Douglas Crockford

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The Seif Handshake

The World Wide Web does an adequate job of document retrieval, but it has deficiencies when viewed as an application delivery system, being cursed with weaknesses in functionality and security. The Seif Project intends to remedy that.

The Seif Protocol is a message delivery system using secure JSON over TCP/IP. The Seif Handshake is the part of the protocol that establishes a secure session between two parties.

The Seif System assumes that every party has a pair of keys: a Public Key that acts as the party's globally unique identifier, and a closely held Private Key that is shared with no one. Information that is encrypted with the Public Key can only be decrypted with the corresponding Private Key. It is by the act of decryption that a party can prove that they are the holder of the Public Key.

Alice wants to connect with Bob. Before the session begins, Alice has her key pair (alice_public_key, alice_private_key). She also has Bob's Public Key (bob_public_key) and Bob's network address. Bob has his own key pair (bob_public_key, bob_private_key). Bob might have alice_public_key if they have a pre-existing relationship, but Bob might not know that Alice is about to connect.

Alice's Message

Alice generates a random handshake_key.

Alice's first message is sent in the clear, but it contains some encrypted components. It is sent to Bob's network address.

{
    "seif": 1,
    "handshake": encrypt_pk(bob_public_key, handshake_key),
    "payload": encrypt(handshake_key, alice_public_key)
}

The seif property indicates that this is a Seif Protocol handshake. The 1 indicates the version number of the Seif Protocol. This allows us to adapt the protocol over time. For example, if the cryptographic system proves to be too weak, the seif version can be advanced to a stronger system.

The message contains Alice's random handshake_key encrypted with bob_public_key. Only Bob can recover the handshake_key.

The payload contains alice_public_key encrypted with the handshake_key. This allows Bob to know who is attempting to connect. Encrypting alice_public_key provides a little bit of privacy, but traffic analysis could probably determine who Alice is, even without obtaining the use of handshake_key.

Alice's message could contain other information encrypted with handshake_key, such as a referral code or a request or routing information.

Bob's Message

Bob received Alice's message. Bob generates a random session_key that will be used as a symmetric session encryption key for future messages.

Bob's first message is encrypted with Alice's handshake_key.

encrypt(handshake_key, {"session": encrypt_pk(alice_public_key, session_key)})

Bob's message contains session_key encrypted with alice_public_key. All subsequent messages sent by Alice and Bob will be encrypted by session_key.

Bob's message could contain other information.

Alice has handshake_key so she can decrypt the message, and she has alice_private_key so she can decrypt session_key.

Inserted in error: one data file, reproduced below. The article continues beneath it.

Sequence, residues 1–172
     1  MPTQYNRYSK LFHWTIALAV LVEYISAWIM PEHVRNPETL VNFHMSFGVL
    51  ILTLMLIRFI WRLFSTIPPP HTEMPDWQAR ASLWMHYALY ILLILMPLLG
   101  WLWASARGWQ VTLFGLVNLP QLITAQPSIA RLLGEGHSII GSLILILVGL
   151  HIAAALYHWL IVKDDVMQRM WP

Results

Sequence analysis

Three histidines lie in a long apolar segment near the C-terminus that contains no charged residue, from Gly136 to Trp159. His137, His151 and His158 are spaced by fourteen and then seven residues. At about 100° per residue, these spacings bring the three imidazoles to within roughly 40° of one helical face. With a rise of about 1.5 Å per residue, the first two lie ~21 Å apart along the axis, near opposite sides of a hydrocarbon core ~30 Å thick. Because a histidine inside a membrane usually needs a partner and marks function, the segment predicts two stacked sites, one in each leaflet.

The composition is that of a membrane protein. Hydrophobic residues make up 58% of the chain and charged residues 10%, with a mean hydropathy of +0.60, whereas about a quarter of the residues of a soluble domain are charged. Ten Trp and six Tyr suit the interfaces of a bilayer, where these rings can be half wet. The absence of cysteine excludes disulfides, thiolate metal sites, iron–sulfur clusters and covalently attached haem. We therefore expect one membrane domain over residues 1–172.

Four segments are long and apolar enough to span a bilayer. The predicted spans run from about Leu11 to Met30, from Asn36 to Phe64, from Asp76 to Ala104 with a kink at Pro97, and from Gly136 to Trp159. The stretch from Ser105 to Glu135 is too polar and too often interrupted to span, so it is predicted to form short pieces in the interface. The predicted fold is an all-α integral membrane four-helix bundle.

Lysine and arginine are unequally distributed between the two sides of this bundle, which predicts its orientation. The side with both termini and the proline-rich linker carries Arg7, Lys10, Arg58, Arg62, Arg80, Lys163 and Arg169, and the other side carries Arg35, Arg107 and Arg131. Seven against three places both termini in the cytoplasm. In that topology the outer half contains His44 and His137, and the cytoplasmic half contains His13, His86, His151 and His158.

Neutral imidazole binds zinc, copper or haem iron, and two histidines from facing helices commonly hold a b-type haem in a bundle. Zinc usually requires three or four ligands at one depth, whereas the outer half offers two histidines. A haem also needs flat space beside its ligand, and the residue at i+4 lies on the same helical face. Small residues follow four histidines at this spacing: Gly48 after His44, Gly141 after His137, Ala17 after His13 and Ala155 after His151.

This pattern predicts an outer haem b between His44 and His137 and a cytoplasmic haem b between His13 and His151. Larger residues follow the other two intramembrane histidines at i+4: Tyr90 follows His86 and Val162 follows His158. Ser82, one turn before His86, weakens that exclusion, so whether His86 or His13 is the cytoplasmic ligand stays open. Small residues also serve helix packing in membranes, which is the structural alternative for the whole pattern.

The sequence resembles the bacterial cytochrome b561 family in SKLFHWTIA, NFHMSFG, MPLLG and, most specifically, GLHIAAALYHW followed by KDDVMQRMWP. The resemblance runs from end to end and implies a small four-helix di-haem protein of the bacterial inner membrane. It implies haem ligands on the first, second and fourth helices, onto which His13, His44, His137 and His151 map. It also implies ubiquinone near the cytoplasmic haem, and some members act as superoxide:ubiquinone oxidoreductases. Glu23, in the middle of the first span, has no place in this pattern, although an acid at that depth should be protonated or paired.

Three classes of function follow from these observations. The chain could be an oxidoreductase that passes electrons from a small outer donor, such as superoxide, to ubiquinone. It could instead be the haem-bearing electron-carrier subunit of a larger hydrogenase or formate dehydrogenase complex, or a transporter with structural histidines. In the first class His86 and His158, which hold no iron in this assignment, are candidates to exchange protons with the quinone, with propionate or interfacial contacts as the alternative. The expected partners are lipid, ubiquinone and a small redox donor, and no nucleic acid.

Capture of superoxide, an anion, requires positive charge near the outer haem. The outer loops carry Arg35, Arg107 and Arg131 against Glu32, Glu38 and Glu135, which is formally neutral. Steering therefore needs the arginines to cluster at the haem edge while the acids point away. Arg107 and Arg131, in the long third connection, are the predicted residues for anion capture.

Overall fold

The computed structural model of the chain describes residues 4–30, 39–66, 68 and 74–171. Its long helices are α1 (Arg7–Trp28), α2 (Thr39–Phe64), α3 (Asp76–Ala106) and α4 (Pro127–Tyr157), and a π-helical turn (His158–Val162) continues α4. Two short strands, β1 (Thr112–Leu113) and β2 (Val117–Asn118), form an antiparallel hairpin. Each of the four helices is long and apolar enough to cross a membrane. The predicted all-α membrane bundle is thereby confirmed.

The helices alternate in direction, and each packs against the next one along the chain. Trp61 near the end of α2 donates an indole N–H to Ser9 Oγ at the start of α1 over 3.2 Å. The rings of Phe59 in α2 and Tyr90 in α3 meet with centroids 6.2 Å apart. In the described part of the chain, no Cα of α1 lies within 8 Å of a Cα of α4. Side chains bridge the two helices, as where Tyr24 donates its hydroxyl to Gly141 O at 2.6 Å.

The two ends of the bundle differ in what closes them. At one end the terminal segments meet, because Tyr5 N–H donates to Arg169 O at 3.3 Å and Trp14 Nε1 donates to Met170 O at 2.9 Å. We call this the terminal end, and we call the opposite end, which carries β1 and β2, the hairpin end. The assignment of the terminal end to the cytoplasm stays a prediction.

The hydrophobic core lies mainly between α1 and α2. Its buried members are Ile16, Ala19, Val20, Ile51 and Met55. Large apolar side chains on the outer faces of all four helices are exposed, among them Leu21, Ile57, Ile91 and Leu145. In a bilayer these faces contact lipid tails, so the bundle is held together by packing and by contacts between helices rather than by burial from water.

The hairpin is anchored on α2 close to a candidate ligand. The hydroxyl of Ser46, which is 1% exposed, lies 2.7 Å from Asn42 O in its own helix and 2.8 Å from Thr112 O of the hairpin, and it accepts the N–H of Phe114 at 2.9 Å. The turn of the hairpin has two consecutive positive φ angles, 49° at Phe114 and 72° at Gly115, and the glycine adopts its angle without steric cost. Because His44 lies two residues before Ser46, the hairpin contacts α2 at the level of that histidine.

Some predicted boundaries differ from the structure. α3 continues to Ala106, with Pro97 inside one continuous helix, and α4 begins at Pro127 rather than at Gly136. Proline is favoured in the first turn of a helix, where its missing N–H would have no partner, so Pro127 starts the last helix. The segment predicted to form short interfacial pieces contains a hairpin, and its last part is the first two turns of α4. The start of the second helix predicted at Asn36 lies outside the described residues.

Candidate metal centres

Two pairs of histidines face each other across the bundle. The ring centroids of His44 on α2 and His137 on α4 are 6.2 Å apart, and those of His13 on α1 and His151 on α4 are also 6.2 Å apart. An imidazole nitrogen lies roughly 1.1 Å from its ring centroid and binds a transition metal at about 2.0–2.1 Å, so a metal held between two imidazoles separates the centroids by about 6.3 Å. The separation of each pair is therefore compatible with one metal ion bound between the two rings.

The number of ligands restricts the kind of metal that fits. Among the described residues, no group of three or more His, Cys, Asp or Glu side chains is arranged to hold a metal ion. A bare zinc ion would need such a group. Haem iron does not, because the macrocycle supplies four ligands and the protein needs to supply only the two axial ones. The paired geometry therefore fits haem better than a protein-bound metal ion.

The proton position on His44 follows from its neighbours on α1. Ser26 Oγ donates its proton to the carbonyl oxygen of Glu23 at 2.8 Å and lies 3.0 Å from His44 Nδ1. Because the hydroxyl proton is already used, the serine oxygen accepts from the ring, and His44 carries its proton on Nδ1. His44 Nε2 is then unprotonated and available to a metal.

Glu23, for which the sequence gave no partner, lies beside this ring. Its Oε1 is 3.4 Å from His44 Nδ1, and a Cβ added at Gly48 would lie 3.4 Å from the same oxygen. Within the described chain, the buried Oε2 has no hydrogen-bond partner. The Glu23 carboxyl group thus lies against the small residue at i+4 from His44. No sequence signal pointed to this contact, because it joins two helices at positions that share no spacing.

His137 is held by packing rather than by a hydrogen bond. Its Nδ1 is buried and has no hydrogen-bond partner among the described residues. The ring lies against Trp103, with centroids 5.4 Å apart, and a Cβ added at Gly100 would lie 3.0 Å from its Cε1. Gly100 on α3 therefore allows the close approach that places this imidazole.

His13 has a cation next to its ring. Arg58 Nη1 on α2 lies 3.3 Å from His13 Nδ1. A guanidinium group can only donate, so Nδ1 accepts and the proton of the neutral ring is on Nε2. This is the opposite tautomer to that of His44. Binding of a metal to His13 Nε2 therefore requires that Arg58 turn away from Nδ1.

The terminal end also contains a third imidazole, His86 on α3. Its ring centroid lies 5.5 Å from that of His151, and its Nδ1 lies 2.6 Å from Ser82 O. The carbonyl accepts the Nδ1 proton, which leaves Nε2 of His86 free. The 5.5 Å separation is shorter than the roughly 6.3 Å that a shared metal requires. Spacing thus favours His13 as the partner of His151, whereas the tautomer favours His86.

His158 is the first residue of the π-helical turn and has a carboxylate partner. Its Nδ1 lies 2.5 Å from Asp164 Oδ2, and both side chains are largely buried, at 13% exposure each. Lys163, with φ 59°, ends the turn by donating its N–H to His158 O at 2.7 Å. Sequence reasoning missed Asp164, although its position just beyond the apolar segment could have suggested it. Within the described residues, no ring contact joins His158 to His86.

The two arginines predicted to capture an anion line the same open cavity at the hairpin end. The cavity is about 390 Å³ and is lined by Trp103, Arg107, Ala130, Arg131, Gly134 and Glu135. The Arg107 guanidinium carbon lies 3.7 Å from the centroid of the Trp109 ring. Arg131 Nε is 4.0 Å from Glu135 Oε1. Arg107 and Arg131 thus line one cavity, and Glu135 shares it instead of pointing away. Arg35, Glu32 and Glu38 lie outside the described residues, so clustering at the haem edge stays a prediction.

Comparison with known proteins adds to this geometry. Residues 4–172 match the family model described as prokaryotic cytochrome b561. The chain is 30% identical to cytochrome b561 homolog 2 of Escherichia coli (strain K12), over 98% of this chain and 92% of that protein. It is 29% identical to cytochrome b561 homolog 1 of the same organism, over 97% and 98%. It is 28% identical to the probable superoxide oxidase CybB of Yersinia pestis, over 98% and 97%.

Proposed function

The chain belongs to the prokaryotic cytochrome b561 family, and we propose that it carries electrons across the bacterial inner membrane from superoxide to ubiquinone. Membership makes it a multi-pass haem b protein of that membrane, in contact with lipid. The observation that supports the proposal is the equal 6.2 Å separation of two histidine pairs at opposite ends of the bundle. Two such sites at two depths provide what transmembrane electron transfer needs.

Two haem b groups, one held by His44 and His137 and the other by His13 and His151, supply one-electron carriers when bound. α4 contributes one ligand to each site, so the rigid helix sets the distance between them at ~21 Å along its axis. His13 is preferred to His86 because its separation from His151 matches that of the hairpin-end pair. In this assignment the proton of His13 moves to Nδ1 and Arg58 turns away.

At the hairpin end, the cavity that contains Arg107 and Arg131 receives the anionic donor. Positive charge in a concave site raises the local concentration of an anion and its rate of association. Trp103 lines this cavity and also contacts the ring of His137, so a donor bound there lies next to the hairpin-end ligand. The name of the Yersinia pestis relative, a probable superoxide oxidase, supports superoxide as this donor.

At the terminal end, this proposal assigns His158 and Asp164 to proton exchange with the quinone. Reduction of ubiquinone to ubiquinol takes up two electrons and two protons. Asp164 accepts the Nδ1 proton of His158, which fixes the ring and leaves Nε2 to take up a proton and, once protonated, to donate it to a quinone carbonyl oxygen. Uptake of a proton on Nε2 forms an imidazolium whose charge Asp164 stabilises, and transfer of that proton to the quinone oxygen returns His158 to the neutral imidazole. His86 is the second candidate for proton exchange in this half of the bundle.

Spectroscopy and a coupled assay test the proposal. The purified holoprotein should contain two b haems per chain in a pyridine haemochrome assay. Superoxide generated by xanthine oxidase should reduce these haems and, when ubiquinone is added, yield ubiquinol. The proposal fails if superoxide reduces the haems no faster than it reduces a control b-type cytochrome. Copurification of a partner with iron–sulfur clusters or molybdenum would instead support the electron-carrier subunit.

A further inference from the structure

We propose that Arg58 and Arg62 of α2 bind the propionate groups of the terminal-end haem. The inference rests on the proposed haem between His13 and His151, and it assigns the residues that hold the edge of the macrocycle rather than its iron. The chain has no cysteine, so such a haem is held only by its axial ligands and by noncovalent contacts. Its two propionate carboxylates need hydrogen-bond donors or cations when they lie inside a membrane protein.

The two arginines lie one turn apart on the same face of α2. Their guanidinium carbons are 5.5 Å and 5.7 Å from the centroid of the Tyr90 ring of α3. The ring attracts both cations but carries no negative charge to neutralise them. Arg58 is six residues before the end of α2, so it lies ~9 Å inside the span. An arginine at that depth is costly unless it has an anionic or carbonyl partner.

Bob can send session_key-encrypted messages immediately. Bob does not have to wait for Alice to send a second message.

Properties

The Seif Handshake has some nice properties:

Given an underlying network connection, a secure session is set up with one round trip.

A man-in-the-middle requires knowledge of both Private Keys.

Forward secrecy for the session is retained as long as either Private Key is kept private.

Alice and Bob have both proven that they hold their Private Keys. For many applications no additional authentication is required.

Discussion

The Seif Handshake does some obvious things with Public Key Cryptography. So why haven't we seen this before?

Public Keys are an excellent alternative to user names and passwords. While it is well understood that passwords work poorly for humans at scale, there has been a strong reluctance to consider better alternatives.

The World Wide Web has been remarkably influential. There are patterns of thought that are enforced by the Web. After a few decades, non-web thinking has become very difficult. For example, there is the problem of how Alice acquires bob_public_key. Netscape chose to have Bob provide bob_public_key in response to Alice's attempt to connect, along with certification that Alice should trust this highly dubious process. This might have made sense in 1995, but today we have much better options for distribution of Public Keys. The old constraints are hard to give up, so it is difficult for many security practitioners to imagine a secure system that does not rely on PKI certificate authorities, despite the experience that certificate authorities are not reliable.

In 1995 Public Key operations were computationally prohibitively expensive. Yahoo did not start using SSL at scale until 2006 because it could not afford the computation. So something like the Seif Handshake that requires two Public Key operations seems unimaginable. But three fundamental things have changed since then. Moore's Law has continued to reduce the cost of cryptography, and we now have Elliptic Curve Cryptography, which offers cryptographic strength at a significantly lower cost, and we have specialized hardware. In today's technology, it is now feasible for all devices to do two Public Key operations on setting up a session. The cost of computation is more than compensated for by the elimination of network round trips.